Atlanta just turned a former “food desert” into a “food forest” that will provide citizens with free, organic fruits, nuts, veggies, mushrooms and herbs
Instead of developing it into townhouses, the City of Atlanta recently voted to transform a vacant, old, overgrown pecan farm into a food forest.
The 7-acre public park will feature fruit-producing trees, shrubs and vines along walking trails, a community vegetable garden and restored native forest and stream-side areas by 2020.
The vegetable garden has already been planted alongside preexisting walnut and pecan trees. More than 100 fruit trees have also been planted including figs, apples, plums and peaches.
The plans include a community composting facility, rainwater collection system, a medicinal mushroom walk, and an apiary to house bees for pollination.
The city bought the land for around $150,000 the Conservation Fund, who’d bought it up to help keep it affordable and will be helping maintain the park in the future.
The plan is to replicate the food forest in several locations throughout Atlanta, where a third of the land is considered a “food desert” by the USDA and a quarter of the citizens live more than a half mile from fresh fruits and vegetables […]
Atlanta Turns 7-Acre Vacant Lot into Largest Free Food Forest In the Country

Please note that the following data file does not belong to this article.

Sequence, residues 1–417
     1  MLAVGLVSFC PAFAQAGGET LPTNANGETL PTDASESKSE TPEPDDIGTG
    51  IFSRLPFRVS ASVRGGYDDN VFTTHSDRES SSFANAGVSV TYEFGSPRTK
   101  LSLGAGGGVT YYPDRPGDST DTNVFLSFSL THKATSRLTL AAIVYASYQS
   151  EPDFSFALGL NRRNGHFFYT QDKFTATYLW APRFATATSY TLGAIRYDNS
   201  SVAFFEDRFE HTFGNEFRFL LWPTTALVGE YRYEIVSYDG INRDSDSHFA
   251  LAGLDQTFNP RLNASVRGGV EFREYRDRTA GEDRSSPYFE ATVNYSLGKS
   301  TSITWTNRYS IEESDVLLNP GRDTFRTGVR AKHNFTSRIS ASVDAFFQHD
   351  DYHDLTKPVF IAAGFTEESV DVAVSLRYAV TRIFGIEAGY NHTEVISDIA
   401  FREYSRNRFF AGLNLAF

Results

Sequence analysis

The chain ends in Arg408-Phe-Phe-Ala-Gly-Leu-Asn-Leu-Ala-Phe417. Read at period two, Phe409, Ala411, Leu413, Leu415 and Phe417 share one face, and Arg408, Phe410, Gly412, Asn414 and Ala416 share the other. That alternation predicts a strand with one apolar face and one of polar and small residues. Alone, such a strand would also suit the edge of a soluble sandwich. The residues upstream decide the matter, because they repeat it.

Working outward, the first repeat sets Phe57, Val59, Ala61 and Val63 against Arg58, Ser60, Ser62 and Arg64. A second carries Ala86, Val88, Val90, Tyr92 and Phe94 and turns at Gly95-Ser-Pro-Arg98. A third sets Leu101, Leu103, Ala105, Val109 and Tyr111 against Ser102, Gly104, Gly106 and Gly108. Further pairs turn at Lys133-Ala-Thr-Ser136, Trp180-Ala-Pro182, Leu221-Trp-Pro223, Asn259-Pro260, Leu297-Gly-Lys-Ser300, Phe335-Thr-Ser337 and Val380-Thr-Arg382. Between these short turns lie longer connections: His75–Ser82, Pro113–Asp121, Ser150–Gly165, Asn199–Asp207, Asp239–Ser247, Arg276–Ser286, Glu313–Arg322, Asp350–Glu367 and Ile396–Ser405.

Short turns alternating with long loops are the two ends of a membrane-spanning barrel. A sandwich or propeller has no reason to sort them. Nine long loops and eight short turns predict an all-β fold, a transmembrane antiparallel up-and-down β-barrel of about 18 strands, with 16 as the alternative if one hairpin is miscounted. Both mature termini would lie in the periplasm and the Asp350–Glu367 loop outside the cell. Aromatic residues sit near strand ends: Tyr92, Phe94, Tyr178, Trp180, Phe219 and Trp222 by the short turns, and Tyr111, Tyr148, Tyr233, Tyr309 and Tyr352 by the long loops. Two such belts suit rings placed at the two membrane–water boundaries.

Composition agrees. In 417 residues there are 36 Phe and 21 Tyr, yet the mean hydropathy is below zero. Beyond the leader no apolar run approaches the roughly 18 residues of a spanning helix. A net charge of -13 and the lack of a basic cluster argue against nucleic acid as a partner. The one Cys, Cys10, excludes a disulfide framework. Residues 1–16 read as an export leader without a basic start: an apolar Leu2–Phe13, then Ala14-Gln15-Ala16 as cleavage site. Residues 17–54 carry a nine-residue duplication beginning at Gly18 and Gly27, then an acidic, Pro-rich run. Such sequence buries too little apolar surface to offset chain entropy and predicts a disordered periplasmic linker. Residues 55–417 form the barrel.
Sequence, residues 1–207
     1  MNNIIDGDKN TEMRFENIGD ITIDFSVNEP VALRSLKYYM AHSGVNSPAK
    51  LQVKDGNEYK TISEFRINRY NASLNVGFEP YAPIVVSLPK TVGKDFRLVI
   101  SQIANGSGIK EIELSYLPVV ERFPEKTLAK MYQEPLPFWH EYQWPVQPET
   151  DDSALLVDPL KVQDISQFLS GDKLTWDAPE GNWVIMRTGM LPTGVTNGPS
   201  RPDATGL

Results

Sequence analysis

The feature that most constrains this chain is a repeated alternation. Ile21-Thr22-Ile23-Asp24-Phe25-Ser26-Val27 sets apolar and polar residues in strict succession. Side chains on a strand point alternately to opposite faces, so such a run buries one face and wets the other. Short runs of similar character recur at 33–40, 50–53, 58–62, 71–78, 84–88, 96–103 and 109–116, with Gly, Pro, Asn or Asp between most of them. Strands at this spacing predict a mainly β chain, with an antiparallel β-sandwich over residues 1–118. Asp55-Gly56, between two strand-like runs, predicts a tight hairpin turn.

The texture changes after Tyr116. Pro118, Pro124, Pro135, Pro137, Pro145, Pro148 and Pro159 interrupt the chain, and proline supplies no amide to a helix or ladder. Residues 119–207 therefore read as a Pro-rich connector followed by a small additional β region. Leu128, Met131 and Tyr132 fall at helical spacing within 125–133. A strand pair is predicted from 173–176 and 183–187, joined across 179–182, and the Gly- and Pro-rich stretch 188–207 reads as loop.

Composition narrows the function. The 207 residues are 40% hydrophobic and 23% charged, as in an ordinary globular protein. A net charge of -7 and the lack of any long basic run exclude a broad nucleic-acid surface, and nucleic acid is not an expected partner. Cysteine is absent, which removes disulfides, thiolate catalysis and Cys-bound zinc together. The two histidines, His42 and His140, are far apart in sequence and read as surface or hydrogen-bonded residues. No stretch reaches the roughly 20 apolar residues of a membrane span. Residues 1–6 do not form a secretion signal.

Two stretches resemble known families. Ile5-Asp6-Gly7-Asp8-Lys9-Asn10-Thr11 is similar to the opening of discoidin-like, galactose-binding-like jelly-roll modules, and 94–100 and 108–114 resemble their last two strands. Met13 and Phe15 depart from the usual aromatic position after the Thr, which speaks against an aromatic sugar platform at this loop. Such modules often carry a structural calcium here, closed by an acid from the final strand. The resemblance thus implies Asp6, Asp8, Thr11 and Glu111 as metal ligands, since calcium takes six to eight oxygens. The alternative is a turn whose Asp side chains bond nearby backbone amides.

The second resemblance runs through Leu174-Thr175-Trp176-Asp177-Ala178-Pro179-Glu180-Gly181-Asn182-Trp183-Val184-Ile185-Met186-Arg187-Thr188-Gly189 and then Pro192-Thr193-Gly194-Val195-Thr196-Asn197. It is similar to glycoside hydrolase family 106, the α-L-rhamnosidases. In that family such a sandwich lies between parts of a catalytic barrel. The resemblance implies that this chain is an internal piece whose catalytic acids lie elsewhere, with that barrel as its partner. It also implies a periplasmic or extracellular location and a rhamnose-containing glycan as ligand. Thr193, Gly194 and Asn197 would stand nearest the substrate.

Reblogged this on Rangitikei Environmental Health Watch and commented:
How awesome ❤
Great idea, and I hope it works out over time. But as a perennial gardener, I know how difficult it is to grow food. I have utmost respect for those who can do it. As a former Atlanta resident, I’m very proud of this initiative and will look forward to updates.
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My understanding of food forests, Katherine, is that they mainly rely on perennial plants. They are much easier to grow than annuals, and far less soil depleting than annual. Growing annuals always entails some so disruption when you plant them.
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Way to go, Atlanta!
The people have been essentially abandoned by federal and state governments, Rosaliene. It’s good to see them taking things into their own hands at a local level.
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